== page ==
Shoreline Stabilization Projects

 

Turtle Cove Shoreline- Glendale Lake

The shoreline at Turtle Cove had eroded banks that were battered by wave action from both wind and motorized boats.  The erosion on these shorelines increased sedimentation into the lake and downstream into Clearfield Creek. In order to address this issue, the purpose of our Growing Greener project was to eliminate severely eroded shoreline, reduce sedimentation, improve aesthetics, provide fish habitat, maintain and improve fisherman access, and to improve water quality. Sawtooth and rock framed deflectors with root wads were incorporated into the shorelines to accomplish the goal.

 
 
Shoreline  Before

Shoreline Before

During  construction

During construction

Shoreline  After

Shoreline After

 

 

Emeigh run

Emeigh Run is located in Susquehanna Township, Cambria County and is a tributary to the West Branch Susquehanna River. In the past, the stream has been negatively impacted by mining, sewage, and encroachment. However, in recent years there has been documentation by PA Fish & Boat Commission and local citizens of a wild trout population in Emeigh Run, including downstream into the West Branch Susquehanna River. A streambank located on an unnamed tributary to Emeigh Run is showing signs of severe erosion. This is caused by high flows during storm events and the rainfall infiltrating upslope and seeping through the bank. The eroded streambank is adding sediment into Emeigh Run and eventually the West Branch Susquehanna River. Research has shown that sediment can cloud the water and make it difficult or impossible for aquatic plants to grow. Sediment can also destroy aquatic habitats. Water polluted with sediment becomes cloudy, preventing animals from seeing food. Murky water prevents natural vegetation from growing in the water. Sediment in stream beds disrupts the natural food chain by destroying the habitat where the smallest stream organisms live and causing massive declines in fish populations. Sediment can clog fish gills, reducing resistance to disease, lowering growth rates, and affecting fish egg and larvae development. The banks were stabilized with rocks, plantings, and by regrading the banks.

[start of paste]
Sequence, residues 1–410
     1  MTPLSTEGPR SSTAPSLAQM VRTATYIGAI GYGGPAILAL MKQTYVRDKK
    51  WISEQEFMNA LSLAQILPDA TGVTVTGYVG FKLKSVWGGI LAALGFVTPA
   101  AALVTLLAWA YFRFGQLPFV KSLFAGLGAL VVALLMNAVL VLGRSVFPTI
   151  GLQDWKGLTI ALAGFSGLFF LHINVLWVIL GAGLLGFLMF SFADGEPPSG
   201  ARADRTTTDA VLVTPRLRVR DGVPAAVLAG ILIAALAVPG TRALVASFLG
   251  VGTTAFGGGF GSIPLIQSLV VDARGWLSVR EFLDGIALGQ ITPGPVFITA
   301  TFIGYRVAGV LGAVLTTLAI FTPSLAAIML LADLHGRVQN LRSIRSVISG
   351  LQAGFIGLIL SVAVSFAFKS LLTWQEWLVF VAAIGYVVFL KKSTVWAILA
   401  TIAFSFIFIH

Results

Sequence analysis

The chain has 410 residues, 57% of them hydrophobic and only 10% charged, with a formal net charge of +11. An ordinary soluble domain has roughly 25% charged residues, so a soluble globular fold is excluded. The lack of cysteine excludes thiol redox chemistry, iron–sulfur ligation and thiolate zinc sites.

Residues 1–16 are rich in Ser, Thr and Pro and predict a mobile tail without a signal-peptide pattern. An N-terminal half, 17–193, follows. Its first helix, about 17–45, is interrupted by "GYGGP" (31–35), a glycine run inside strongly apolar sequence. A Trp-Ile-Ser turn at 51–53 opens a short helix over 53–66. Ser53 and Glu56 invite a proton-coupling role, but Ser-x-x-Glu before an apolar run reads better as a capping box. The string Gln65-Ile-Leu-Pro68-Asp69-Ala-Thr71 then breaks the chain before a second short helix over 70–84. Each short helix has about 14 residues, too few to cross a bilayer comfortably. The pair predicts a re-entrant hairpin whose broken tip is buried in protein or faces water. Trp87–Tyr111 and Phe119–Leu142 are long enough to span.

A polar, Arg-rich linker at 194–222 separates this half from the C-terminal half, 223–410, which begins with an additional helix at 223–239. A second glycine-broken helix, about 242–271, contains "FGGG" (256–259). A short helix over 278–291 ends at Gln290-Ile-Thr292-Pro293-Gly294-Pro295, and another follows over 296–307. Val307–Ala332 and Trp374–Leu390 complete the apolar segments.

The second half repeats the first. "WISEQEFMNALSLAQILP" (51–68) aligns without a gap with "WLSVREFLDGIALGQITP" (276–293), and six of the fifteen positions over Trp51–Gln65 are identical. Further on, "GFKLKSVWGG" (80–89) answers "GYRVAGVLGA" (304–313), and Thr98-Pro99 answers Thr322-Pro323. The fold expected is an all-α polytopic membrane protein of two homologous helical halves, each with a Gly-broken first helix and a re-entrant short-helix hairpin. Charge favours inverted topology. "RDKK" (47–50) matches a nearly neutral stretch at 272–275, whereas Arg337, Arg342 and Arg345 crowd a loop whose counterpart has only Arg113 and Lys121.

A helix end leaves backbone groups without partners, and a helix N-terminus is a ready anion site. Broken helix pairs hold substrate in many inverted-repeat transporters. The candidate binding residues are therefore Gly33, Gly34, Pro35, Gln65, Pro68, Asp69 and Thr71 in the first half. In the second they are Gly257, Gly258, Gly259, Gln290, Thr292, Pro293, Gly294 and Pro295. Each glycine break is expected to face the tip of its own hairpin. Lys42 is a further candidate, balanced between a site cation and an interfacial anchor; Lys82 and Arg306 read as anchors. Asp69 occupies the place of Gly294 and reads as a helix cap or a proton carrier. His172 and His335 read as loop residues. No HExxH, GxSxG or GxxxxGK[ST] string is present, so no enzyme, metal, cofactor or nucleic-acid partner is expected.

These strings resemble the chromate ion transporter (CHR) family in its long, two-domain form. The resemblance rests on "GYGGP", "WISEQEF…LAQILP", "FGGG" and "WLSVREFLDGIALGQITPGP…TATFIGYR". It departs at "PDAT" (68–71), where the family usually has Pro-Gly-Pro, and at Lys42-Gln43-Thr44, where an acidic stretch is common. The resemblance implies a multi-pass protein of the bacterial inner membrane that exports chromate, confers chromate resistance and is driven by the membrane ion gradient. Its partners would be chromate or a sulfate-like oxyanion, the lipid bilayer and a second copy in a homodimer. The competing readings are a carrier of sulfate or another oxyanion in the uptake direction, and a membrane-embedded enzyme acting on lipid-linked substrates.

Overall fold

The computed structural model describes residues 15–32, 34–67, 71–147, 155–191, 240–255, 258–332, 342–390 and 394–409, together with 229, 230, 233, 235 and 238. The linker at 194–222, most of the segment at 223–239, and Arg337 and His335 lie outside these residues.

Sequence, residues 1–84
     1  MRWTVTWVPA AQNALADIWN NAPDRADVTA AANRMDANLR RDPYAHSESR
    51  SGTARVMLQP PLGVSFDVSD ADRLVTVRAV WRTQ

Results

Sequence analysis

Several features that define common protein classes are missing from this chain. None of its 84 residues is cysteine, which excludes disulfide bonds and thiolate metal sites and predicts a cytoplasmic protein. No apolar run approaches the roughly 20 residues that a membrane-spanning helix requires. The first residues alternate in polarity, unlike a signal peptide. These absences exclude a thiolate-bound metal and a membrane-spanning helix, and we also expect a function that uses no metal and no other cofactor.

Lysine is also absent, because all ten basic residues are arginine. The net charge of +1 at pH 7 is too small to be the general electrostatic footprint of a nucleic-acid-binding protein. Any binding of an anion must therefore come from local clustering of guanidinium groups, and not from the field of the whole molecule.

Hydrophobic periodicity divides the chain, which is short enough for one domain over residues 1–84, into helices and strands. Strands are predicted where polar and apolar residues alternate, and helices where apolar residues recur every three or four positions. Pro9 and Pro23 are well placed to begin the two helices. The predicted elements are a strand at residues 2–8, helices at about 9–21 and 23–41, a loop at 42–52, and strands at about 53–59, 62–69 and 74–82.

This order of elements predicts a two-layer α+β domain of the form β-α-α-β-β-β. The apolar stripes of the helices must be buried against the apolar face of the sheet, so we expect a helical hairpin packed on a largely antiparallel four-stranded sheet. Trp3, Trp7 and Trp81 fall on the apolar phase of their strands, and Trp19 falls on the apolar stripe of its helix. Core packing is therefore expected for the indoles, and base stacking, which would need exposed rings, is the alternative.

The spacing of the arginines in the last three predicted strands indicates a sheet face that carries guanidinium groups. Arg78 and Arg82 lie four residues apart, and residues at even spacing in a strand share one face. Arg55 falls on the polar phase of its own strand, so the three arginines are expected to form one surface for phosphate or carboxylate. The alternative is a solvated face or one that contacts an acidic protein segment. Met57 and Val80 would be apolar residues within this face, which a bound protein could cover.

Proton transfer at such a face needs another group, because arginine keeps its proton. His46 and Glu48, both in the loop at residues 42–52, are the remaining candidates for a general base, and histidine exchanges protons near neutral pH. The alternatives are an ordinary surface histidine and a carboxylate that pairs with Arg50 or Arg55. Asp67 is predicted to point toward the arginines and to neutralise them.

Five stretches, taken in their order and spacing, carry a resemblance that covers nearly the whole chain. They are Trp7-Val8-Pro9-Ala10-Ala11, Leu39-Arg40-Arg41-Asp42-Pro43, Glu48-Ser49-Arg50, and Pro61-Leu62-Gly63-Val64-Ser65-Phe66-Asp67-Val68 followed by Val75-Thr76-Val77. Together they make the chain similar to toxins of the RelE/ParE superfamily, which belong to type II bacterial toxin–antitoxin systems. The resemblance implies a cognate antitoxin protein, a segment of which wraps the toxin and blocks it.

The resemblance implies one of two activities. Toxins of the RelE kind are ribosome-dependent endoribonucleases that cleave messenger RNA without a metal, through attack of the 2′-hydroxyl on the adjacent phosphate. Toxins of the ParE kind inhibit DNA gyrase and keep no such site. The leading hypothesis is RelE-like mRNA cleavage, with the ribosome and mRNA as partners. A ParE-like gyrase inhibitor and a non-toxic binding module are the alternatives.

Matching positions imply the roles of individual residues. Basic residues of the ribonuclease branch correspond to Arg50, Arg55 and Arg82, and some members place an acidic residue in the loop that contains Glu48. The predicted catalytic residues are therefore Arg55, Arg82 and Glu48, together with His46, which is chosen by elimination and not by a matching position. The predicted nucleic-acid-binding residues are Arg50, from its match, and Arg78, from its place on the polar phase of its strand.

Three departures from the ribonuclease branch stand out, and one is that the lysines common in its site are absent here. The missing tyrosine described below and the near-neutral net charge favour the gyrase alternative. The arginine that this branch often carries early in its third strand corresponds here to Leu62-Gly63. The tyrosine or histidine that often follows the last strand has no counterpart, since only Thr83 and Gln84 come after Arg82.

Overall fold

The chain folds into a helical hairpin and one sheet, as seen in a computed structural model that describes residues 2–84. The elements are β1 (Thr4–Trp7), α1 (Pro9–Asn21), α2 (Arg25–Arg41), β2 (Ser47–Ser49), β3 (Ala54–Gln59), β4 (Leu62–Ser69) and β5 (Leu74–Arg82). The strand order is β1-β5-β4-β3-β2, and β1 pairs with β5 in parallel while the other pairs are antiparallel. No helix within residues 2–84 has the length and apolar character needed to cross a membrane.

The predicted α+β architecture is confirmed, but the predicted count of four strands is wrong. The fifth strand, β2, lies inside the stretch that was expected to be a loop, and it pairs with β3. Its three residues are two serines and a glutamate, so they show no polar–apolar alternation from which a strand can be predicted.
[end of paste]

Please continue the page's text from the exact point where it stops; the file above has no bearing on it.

Bank  Before

Bank Before

Bank  Before

Bank Before

Bank  After

Bank After

Bank  After

Bank After

 

interested in learning more? Call us at 814-472-2120